|Publication number||US6854651 B2|
|Application number||US 10/187,716|
|Publication date||Feb 15, 2005|
|Filing date||Jul 1, 2002|
|Priority date||Jul 1, 2002|
|Also published as||US20040000589|
|Publication number||10187716, 187716, US 6854651 B2, US 6854651B2, US-B2-6854651, US6854651 B2, US6854651B2|
|Inventors||Cindy M. Smith, Peter Zatloukal|
|Original Assignee||Wildseed Ltd.|
|Export Citation||BiBTeX, EndNote, RefMan|
|Patent Citations (14), Non-Patent Citations (1), Referenced by (86), Classifications (13), Legal Events (7)|
|External Links: USPTO, USPTO Assignment, Espacenet|
The present invention relates to the field of data processing. More specifically, the present invention is related to data input methods.
With advances in integrated circuit, microprocessor, networking and communication technologies in recent years, increasing number of mobile devices have been developed and adopted by the consumers. Mobile devices are typically compact, and many are palm-sized, to increase the ease of their carriage, thereby allowing their users to carry the mobile devices with them, as they move from places to places. Examples of these mobile devices include, but are not limited to, laptop computers, palm-sized computing devices, personal digital assistants (PDA), pagers, MPx Players and wireless mobile phones.
Increasingly, mobile devices are capable of storing vast quantity of information. Examples of these information, include but are not limited to, names, addresses, phone numbers, and other personal as well as non-personal information. Examples of other personal information include, but are not limited to, driver's license numbers, passport numbers, employee identification numbers, and student identification numbers, whereas examples of non-personal information include, but are not limited to, product identification numbers.
Often times, users of these mobile devices found themselves in situations where they have to provide one or more of these information to other parties. Further, in many of these situations, because of the lack of compatibility communication interfaces between the mobile devices and the equipment of the other parties, the information often has to be provided verbally, with the other parties manually entering the information into their systems. Thus, it would be desirable if mobile devices can be improved to increase the likelihood the information may be provided to the other parties directly from the mobile devices.
The present invention will be described by way of exemplary embodiments, but not limitations, illustrated in the accompanying drawings in which like references denote similar elements, and in which:
The present invention includes a non-persistently displayed bar code based data input method, and devices equipped with hardware and/or software features in support of the practice of the data input method.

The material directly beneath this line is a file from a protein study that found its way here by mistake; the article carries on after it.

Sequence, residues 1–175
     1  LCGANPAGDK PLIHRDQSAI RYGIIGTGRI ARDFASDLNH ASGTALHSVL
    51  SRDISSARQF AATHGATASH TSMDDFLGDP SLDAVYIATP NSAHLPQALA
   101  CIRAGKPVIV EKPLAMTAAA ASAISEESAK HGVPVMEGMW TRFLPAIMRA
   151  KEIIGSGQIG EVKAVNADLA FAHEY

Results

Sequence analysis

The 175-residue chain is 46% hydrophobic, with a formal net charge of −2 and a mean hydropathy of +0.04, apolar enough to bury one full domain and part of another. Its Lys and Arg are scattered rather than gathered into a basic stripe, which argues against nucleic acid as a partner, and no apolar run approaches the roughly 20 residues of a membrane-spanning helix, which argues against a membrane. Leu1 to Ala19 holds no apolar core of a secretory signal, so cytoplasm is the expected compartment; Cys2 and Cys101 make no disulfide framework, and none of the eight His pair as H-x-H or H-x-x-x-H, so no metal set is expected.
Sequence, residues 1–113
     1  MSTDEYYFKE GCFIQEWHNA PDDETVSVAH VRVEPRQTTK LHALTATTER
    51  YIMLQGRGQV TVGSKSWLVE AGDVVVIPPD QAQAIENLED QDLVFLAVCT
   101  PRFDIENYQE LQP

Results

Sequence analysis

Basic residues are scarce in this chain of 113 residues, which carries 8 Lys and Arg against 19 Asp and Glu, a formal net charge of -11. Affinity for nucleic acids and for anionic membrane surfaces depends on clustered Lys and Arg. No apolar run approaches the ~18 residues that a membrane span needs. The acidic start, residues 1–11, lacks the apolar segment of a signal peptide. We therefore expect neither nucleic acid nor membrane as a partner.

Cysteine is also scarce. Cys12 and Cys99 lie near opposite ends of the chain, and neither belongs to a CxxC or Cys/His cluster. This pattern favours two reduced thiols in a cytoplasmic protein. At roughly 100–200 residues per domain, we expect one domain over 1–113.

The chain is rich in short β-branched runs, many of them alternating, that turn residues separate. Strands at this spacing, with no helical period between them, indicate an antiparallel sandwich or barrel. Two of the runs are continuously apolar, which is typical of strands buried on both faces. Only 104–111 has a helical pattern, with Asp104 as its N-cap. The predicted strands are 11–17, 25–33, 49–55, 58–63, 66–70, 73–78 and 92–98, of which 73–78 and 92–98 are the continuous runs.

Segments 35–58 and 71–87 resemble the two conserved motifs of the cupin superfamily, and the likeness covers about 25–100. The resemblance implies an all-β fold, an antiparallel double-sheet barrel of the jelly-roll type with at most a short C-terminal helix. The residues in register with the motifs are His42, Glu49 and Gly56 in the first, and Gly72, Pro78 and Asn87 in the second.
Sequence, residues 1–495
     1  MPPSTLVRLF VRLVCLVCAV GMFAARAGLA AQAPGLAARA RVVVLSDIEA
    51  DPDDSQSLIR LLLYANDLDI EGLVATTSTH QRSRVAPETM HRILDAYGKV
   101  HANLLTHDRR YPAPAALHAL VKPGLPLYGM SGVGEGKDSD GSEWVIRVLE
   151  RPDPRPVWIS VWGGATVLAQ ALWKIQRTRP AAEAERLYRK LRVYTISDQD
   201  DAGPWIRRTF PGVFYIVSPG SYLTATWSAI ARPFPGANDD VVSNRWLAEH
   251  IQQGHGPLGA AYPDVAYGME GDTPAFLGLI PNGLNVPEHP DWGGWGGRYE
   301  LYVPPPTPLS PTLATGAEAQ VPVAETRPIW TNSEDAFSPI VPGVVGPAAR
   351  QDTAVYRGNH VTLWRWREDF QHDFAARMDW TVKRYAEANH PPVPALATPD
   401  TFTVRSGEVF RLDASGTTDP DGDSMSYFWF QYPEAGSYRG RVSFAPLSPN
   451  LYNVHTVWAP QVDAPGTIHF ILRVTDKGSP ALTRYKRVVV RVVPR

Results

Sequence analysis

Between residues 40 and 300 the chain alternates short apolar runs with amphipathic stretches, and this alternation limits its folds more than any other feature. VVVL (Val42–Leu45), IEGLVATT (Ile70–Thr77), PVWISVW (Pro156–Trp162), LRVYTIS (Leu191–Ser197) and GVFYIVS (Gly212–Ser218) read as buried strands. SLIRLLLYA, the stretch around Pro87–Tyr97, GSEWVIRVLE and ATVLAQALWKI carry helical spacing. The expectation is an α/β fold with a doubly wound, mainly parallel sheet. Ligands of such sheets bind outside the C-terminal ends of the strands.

In the following description, various aspects of the present invention will be described. However, it will be apparent to those skilled in the art that the present invention may be practiced with only some or all aspects of the present invention. For purposes of explanation, specific numbers, materials and configurations are set forth in order to provide a thorough understanding of the present invention. However, it will be apparent to one skilled in the art that the present invention may be practiced without the specific details. In other instances, well-known features are omitted or simplified in order not to obscure the present invention.
Parts of the description will be presented in data processing terms, such as data, selection, retrieval, generation, and so forth, consistent with the manner commonly employed by those skilled in the art to convey the substance of their work to others skilled in the art. As well understood by those skilled in the art, these quantities take the form of electrical, magnetic, or optical signals capable of being stored, transferred, combined, and otherwise manipulated through electrical and/or optical components of a processor and its subsystems.
Part of the descriptions will employ various abbreviations, including but are not limited to:
American Standard Character II
Compact Disc Read Only Memory
Dynamic Direct Random Access Memory
Digital Versatile Disc
European Article Numbering
Electrically Eraseable Programmable Read-Only-Memory
Institute of Electrical and Electronic Engineers
POSTal Numerical Encoding Technique
Static Direct Random Access Memory
Thin Film Transistor
Uniform Product Coding
The term “mobile” as used in this application to describe a device, including both its usage in the specification and the claims, refers to the “mobility” of the device as seen from the perspective of reading a non-persistently display bar code on a display of the device. Typically, for a mobile device, the displayed bar code may be read by moving the device (with the displayed bar code) over a stationery scanner, whereas for an immobile device, the displayed bar code is typically read by moving a hand held scanner over the display of the device.
The terms “alpha” or “alphanumeric” as used in this application to describe a character set, including both its usage in the specification and the claims, refers to a character set that may include “special” characters, such as punctuations, in addition to the alphabets of an alphabet based language.